Teachers speak out about online learning

Story by Blaine Dunstan, Reporter

Due to Covid-19, all teachers have been expanding their classrooms to make room for online learners. Along with having to make changes in their curriculum and their plans to teach the material, teachers will be given less time to prepare for the upcoming spring semester than they had to start the year. 

According to forensics coach Julie Laflen, being able to adapt to the new style of forensics tournaments and being able to be flexible for her other classes is going to be the focal point of the new year.

“As long as I have a plan of what I want to have happened, that usually works best for me. I know what the students need to know and what I want to teach, it’s just finding different ways to make that happen and being flexible,” Laflen said. “ All of this is a learning curve for teachers, especially when I’m not sure what our competitions will look like.”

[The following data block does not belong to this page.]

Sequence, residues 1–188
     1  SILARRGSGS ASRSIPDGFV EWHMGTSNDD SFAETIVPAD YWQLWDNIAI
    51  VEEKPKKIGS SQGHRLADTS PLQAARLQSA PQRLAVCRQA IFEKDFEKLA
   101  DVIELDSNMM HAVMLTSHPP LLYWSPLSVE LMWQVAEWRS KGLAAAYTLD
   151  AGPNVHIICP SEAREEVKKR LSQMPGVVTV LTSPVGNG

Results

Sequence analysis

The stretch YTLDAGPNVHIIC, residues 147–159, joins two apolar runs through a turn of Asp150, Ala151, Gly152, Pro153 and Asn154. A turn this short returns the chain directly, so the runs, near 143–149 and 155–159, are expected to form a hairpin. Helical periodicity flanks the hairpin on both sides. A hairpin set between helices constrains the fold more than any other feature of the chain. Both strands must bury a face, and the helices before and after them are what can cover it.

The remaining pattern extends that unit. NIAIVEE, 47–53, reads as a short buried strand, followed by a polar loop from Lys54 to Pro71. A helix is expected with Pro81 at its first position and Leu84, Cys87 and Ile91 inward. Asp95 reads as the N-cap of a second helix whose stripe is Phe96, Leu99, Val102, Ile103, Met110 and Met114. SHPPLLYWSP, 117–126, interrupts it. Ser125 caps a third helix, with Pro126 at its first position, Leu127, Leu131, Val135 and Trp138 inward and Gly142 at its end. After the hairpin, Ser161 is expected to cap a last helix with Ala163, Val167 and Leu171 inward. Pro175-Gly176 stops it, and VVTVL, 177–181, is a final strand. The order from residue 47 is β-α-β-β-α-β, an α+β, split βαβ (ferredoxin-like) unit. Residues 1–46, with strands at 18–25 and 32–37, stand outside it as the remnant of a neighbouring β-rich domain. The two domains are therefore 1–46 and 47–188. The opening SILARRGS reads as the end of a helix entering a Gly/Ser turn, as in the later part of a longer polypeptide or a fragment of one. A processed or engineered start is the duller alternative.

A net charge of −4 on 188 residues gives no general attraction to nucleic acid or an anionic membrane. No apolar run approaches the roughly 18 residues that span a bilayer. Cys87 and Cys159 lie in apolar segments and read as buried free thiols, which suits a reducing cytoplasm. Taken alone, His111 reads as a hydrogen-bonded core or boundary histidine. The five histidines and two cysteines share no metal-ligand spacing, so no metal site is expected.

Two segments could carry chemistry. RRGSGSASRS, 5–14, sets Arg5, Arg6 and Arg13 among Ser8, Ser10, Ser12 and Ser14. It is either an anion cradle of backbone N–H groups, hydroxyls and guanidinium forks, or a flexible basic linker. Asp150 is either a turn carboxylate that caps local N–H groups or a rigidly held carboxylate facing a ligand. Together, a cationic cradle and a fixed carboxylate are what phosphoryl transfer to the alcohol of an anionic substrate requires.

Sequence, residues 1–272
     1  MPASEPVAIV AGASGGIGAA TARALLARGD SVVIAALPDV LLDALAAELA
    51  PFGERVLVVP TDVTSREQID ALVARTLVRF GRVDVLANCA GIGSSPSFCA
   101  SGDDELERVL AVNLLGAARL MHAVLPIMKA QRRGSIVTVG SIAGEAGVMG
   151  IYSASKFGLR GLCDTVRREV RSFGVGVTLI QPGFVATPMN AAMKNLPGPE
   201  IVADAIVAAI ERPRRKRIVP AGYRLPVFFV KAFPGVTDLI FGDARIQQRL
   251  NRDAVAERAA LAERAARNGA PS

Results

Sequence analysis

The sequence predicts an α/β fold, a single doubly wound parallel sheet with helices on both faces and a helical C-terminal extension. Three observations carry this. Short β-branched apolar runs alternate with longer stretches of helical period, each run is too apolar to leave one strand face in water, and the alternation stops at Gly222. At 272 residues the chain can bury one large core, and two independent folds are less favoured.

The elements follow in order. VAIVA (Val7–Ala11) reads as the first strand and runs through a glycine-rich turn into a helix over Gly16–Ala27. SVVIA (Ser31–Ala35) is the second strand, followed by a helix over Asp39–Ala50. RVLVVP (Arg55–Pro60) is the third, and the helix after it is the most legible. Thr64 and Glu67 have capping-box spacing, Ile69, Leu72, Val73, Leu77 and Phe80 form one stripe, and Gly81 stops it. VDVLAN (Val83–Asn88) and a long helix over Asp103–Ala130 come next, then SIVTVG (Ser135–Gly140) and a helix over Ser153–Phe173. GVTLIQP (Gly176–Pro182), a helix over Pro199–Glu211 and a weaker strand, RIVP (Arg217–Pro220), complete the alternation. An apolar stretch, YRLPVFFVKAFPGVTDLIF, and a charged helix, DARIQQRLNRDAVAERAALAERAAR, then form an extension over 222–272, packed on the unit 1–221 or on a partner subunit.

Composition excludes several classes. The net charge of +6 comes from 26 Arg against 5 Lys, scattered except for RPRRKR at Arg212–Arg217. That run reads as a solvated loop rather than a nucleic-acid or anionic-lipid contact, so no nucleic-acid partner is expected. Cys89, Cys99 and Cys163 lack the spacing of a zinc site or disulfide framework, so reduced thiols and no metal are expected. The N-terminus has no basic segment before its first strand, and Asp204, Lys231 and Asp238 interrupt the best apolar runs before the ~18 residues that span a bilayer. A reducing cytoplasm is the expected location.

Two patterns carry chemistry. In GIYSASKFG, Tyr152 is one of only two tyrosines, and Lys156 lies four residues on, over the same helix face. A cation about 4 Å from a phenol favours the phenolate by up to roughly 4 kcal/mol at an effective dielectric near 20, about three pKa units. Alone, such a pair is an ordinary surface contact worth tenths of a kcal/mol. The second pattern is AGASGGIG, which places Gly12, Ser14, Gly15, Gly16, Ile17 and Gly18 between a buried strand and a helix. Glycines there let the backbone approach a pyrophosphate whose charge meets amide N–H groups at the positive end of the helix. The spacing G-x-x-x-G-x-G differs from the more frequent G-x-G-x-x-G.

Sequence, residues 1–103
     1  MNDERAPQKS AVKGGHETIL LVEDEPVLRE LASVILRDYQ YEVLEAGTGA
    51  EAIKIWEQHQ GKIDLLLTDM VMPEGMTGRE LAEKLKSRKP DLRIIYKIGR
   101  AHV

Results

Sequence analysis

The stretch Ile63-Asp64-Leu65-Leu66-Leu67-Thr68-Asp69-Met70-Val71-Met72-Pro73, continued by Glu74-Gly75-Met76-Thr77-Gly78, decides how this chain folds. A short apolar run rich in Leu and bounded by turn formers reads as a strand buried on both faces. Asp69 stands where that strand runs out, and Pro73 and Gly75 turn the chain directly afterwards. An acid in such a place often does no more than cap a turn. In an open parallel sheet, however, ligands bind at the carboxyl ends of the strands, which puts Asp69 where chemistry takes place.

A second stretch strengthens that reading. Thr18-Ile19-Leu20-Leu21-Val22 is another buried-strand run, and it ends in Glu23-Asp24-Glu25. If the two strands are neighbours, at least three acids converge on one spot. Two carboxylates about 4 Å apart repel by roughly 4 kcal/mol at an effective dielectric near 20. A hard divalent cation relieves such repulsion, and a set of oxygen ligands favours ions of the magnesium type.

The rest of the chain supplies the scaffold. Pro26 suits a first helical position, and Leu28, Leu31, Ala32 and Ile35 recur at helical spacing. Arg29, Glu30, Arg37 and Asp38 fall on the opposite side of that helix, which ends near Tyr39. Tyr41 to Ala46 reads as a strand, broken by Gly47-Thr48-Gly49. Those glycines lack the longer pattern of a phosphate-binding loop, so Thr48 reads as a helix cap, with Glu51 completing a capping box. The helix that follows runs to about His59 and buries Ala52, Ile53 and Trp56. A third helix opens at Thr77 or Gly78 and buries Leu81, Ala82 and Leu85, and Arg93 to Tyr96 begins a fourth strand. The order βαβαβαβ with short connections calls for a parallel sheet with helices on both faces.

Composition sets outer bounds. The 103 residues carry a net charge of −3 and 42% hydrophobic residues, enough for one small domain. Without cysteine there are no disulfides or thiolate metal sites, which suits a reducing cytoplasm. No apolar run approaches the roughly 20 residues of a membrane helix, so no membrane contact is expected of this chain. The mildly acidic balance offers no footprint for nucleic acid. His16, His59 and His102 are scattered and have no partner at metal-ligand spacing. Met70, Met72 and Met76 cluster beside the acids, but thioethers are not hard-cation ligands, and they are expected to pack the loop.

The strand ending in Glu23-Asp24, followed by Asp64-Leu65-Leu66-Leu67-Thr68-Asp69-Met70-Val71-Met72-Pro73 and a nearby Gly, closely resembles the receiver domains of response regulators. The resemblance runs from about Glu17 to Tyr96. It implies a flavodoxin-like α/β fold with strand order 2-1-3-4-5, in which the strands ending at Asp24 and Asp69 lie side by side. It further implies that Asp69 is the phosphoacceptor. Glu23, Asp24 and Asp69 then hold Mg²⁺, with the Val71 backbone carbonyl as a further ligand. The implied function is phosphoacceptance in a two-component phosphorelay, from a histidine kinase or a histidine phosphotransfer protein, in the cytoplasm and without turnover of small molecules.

Theatre teacher Jason Huffman said he isn’t worried about receiving less preparation time for the upcoming semester, but more focused on trying to perfect the way he is teaching unfamiliar classes. 

Huffman said, “The biggest challenge I’ve had is with the online learners, keeping them engaged and being able to gage their responses is difficult when they turn their cameras off and don’t respond,” Huffman said. “Sometimes you will call on them directly and they won’t answer so you don’t know if they turned their camera off and just walked away.”

FACS teacher Krystal Henderson shares the same feelings towards having less time to prepare for the spring semester. For her, becoming more comfortable with canvas and getting feedback from her students is more important.

“Now having used Canvas for an entire semester, I feel more confident in my ability to prepare for the spring,” Henderson said. “I plan to take responses that I have heard or seen from students from this semester and utilize them next semester.”